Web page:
Max Weber argued that bureaucracy was the most effective method to establish and run an entity. It was essential for larger organizations with several people and duties to attain optimum efficiency. Everybody is treated fairly in a perfect bureaucracy, and tasks are explicitly assigned based on each team’s areas of competence. There are six features of bureaucracy, as described by Weber. They include formalized rules, specialization, hierarchical structure, managerial dedication, well-trained personnel, and impartiality of management.
Task specialization, according to Weber, encourages the prompt accomplishment of tasks at the maximum degree of proficiency. In Weber’s hypothetical entity, assignments are divided into groups depending on staff members’ skills and domains of competence (Cochrane, 2018). Departments and employees have specifically articulated responsibilities and objectives, and they are each only accountable for the work that falls within their areas of expertise. This is intended to increase the organization’s effectiveness. Similarly, the federal government of the United States consists of fifteen cabinet departments, which are important executive agencies directly responsible to the president. The president appoints, and the Senate confirms each cabinet department’s secretary, who reports to the head of state and supervises the department’s offices and agencies. Each cabinet department comprises critical employees, minor offices, and agencies that flow hierarchically from the head. Their hierarchical design enables enormous bureaucracies to handle multiple concerns with specialized officials.
When Weber mentioned formalized regulations, he referred to what is now known as procedures and policies. The approach may similarly be extended to lower-level roles, even though his primary emphasis was on the wide, comprehensive, and largely unchanging rules that regulate managers (Cochrane, 2018). Established and written regulations should describe the administrative design, who is accountable for which activities, and how responsibilities are to be completed. Bureaucrats must implement and administer various policies and programs established by congressional acts or presidential orders. Given the power bureaucrats have to adopt and enforce public policy, they must follow several legislative regulations and procedural guidelines. For example, the Department of Justice has an attorney general responsible for enforcing federal laws, providing legal assistance in federal cases, interpreting rules regulating executive departments, and more.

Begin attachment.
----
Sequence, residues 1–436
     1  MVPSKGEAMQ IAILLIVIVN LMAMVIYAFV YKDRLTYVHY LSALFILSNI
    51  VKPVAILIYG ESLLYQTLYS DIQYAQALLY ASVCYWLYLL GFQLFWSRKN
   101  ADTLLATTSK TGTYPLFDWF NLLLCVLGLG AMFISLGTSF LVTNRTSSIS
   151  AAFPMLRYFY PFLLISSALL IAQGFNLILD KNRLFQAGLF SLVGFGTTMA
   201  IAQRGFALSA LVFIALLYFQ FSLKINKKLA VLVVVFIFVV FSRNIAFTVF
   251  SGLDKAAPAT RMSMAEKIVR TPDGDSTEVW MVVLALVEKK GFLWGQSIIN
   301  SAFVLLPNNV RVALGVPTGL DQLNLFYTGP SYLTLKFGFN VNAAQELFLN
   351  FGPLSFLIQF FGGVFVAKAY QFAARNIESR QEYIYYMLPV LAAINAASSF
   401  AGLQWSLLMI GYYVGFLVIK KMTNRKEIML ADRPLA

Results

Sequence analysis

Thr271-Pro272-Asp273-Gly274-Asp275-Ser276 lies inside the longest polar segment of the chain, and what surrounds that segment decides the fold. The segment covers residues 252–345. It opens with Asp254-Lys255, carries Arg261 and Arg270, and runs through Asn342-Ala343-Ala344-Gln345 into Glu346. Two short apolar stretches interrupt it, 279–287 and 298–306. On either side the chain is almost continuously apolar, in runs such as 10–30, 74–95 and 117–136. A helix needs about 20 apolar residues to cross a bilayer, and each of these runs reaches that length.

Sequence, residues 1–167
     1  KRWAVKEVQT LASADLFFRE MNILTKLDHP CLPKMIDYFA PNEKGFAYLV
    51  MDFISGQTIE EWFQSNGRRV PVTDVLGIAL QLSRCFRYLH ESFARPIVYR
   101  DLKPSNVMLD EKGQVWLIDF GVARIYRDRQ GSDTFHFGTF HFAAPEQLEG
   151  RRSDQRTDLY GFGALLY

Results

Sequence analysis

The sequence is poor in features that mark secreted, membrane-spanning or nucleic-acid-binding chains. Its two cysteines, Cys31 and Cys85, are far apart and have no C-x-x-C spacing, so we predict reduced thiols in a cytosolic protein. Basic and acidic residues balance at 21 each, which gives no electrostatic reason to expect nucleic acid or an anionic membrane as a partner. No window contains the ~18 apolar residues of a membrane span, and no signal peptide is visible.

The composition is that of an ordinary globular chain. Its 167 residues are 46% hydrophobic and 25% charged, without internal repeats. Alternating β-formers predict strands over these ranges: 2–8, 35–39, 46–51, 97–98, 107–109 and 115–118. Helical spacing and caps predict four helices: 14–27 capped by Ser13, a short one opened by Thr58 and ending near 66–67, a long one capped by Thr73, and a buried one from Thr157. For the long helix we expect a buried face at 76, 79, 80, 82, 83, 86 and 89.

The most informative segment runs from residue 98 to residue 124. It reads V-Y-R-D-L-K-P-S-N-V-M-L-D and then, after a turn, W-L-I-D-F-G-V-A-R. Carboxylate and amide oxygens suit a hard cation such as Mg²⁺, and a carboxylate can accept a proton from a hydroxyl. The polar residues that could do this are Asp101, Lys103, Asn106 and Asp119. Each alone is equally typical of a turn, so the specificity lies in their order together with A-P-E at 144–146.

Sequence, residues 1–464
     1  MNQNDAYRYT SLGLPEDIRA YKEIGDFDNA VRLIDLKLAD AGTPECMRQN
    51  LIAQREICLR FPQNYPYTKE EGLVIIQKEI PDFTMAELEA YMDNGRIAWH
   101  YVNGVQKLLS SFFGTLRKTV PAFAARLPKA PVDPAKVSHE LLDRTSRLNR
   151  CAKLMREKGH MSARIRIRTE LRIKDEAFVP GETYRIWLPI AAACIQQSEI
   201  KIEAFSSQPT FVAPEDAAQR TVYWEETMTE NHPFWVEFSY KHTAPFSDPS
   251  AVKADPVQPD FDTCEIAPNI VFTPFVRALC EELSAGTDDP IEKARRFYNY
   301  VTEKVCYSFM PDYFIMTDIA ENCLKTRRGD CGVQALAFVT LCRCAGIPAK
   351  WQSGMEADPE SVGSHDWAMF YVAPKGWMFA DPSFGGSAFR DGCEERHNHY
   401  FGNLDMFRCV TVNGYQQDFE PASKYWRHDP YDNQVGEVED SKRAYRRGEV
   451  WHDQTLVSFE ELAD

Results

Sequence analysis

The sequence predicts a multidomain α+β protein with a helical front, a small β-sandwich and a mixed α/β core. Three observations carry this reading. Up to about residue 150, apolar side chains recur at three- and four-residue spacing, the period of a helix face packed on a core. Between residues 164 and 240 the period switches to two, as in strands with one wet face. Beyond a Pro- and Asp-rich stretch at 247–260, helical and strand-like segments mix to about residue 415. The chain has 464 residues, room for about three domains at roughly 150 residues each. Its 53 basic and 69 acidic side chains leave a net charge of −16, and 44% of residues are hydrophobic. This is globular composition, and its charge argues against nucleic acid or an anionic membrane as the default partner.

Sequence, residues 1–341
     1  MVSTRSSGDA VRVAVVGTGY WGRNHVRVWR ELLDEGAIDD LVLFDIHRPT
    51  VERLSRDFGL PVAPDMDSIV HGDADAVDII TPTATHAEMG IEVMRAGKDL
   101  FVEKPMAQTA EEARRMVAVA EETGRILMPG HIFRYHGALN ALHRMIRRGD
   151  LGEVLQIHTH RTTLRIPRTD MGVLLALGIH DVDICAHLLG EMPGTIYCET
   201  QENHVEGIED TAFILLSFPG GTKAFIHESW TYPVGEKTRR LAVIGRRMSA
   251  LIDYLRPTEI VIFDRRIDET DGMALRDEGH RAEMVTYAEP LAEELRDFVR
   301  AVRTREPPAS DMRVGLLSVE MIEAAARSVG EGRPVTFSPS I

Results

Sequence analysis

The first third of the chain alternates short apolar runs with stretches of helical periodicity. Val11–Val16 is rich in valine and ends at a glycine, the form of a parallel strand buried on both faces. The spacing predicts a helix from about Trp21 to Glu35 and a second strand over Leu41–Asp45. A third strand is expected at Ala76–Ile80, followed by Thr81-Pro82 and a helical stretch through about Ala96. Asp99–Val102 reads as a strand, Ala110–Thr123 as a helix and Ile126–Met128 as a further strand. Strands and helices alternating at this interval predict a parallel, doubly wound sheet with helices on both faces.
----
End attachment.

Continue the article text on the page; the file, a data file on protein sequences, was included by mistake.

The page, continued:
Additionally, according to Weber, a hierarchy must be present inside an organization, with a single, recognizable leader in charge. This organizational network should include all management levels and indicate which roles answer each executive (Cochrane, 2018). Establishing such a hierarchy is helpful from the top down, as it clarifies who is in charge of monitoring who. From the bottom up, it specifies whom to approach if someone wishes to challenge a particular decision. An example can be drawn from the bottom-up reporting of cabinet secretaries.
Correspondingly, Weber asserts that an organization needs well-trained employees. According to him, supervisory staff members must undergo training, and executives should possess in-depth expertise, particularly in expert employment. The Constitution specifies just three requirements for the president of the United States: He or she must be at least 35 years old, a natural-born citizen, and have resided in the United States for not less than 14 years. Further, Weber claims that bureaucracies demand managerial dedication (Cochrane, 2018). Despite the length of time they will maintain their post, executives must devote their maximum work ability to the job at hand and prioritize work above personal interests. Throughout their tenure in office, the U.S. president is expected to show dedication to serving the country and the people. Failure in this objective can lead to public dissatisfaction with the president’s term. Lastly, Weber argues that management ought to be impartial. This comprises managers not just playing by the book but also separating their interests from those of the firm (Cochrane, 2018). In the United States, public bureaucrats are distinguished from private sector job seekers by a common urge to do good for the country. Those naturally inclined toward public service are more likely to be highly motivated to serve their community.
Cochrane, G. (2018). Max Weber’s vision for bureaucracy. Cham, Switzerland: Palgrave Macmillan.